[…] Formal, big, private and networked: these adjectives illuminate key idealised qualities, or values, of the new urban spatiality in multiple scales. They must also be read as implying their verb forms; each describes not only a found characteristic, but also, increasingly, the orientation towards spatiality, often through state intervention or encouragement […]
Staple urban spatial elements—all kinds of buildings and their complexes, road and rail infrastructure and allied spaces, including bridges, ﬂyovers, railway stations, etc.,—are visibly getting bigger than before, vertically and horizontally. This is ironic in a city known—more than any other—for scarcity of space stemming from geographic limitations as a peninsular outcrop, and its peculiar political economy of land ownership.In buildings, this enlargement represents two things: (i) the accumulation and consolidation of space as commodity which translates into (ii) a promise of larger revenue streams at lower transaction costs. There is an argument to be made that the enlargement of scale is related to the increasing supply of investable global or local capital from state- and private-sector sources for various urban projects promising high-volume revenue streams(hotels, malls), or addressing real living and business needs, and use values (residence, ofﬁce space, infrastructure) as well as speculative demand. The bigger the size of the project, the lower the overheads,transaction costs, the number of risk points in processes, and the higher the proﬁt margin. This equation is advantageous, especially for remotely controlled capital, whether global or underground.This also possibly reﬂects a link between the increasing scale of urban elements and the push for economic integration with a wider geography. Urban policy has enabled such enlargement of scale most transparently by increasing the Floor Space Index (FSI) which limits built-up area, as well as by less transparent modes of calculating it(as through the infamous and now scrapped provision of ‘fungible FSI’, which could be interpreted broadly enough to build multiple times over the limit).One contributory local reason is the sharp rise in the price of land, urban or rural, all over the country since 2005. This is one reason for the increasing verticality of urban architecture, as more is sought to be built on the same piece of land in every city, with the blessings of state planning. Thus, a couple of years ago, I was surprised to see a horizon cluttered with multi-storeyed buildings on the outskirts of Rajkot, otherwise a city with low to mid-rise architecture. In Mumbai, and increasingly in other cities, the underlying scarcity of land prompts the elevation of transport infrastructure like ﬂyovers, elevated roads and metro rail: existing road space everywhere is increasingly inadequate as private vehicles mushroom with explicit or implicit state sanction. The rule of the car that much of the big-road infrastructure has enforced on Mumbai’s urbanism, meanwhile, has led to another manifestation of verticality: the raised ‘podium’ of multiple storeys of covered and enclosed car-parking with a public space on top that serves as ‘ground’ for the residents of the apartment towers that shoot up from it. Podium and tower also regularly reveal another important quality of largeness today: its banality. The ﬂyovers and towers are non-monuments, or nonuments. Banal or monumental, verticality has an important collateral beneﬁt from the perspective of an integration with a larger, more global economy: clusters of big urban elements or iconic structures like the Bandra–Worli Sea Link both call attention to the city, differentiating it in the presumed competition of urban branding that is the context of processes of ‘worlding cities’(Roy and Ong, 2011).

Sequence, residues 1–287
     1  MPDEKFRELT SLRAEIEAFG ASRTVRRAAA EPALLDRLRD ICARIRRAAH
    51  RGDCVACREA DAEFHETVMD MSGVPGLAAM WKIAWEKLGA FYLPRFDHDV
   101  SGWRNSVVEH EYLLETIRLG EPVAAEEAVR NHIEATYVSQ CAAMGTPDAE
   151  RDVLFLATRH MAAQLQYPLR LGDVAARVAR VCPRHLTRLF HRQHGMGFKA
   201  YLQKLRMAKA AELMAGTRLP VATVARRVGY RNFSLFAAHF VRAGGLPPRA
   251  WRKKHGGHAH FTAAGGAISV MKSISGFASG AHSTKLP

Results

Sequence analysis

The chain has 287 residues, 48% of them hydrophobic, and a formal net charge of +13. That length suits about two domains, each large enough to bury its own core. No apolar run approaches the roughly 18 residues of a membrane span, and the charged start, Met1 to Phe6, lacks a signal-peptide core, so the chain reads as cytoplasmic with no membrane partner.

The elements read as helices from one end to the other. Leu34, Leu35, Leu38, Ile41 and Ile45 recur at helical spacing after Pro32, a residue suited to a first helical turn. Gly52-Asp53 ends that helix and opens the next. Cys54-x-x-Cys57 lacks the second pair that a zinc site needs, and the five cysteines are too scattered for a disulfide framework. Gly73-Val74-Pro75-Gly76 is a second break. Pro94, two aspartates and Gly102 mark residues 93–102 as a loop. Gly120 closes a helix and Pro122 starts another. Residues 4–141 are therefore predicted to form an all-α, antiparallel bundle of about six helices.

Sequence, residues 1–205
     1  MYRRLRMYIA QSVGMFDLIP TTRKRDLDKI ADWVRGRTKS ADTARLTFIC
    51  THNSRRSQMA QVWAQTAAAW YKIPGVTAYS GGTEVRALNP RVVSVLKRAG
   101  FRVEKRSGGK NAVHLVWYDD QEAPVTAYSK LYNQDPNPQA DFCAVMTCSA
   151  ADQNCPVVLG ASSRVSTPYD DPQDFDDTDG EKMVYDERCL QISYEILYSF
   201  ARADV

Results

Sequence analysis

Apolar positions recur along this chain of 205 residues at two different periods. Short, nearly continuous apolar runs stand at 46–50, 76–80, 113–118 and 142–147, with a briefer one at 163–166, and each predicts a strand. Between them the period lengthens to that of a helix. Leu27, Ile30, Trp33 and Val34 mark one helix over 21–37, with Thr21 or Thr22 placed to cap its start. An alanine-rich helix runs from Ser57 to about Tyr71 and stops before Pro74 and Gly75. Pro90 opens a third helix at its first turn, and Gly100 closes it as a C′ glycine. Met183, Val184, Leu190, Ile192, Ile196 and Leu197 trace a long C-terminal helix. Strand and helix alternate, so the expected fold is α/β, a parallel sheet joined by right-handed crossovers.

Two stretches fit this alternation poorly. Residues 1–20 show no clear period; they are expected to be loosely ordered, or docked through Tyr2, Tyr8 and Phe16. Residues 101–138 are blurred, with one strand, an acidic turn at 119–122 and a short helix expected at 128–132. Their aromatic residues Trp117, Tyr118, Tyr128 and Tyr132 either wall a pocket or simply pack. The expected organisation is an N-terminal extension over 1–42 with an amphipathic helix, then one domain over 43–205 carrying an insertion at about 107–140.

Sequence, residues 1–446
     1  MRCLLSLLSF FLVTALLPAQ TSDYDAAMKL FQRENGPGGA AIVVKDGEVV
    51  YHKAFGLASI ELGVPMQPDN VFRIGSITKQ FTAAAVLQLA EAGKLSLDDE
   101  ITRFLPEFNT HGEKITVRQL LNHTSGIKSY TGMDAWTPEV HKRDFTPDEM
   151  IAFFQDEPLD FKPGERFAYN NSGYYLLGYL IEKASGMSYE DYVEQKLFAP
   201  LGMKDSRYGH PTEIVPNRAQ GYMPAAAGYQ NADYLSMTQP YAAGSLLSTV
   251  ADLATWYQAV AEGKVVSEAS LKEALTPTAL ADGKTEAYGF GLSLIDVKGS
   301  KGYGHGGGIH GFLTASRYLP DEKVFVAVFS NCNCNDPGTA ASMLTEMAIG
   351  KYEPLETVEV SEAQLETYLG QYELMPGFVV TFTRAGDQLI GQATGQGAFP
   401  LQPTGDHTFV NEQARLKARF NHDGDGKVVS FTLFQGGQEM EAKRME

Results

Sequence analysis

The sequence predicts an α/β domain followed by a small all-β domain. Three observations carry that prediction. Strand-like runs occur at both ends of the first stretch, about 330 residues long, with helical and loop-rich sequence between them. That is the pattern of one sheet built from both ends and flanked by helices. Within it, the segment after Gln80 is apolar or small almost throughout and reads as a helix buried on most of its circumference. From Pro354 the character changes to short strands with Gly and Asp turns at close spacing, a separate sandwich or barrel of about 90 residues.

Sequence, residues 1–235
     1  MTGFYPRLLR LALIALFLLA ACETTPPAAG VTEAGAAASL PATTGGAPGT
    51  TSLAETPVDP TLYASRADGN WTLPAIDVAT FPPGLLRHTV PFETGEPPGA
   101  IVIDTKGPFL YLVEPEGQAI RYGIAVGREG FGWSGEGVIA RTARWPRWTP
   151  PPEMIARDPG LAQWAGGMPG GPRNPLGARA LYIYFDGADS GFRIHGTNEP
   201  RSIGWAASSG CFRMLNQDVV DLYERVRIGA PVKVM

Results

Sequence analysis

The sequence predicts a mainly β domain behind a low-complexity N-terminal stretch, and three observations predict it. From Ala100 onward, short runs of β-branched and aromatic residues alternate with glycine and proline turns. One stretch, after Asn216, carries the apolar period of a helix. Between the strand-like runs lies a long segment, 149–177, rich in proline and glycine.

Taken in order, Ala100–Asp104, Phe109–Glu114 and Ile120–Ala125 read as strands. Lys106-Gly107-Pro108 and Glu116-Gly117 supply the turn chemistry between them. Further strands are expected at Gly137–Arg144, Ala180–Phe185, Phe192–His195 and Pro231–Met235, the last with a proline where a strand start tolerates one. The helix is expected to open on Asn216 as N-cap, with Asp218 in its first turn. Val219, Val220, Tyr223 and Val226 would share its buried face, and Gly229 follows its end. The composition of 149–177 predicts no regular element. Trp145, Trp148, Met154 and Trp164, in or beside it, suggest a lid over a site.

This is an excerpt from Himanshu Burte’s paper ‘Engine Urbanism’. The entire paper can be accessed here: https://www.academia.edu/33033612/Burte_engine_urbanism_IICQ.pdf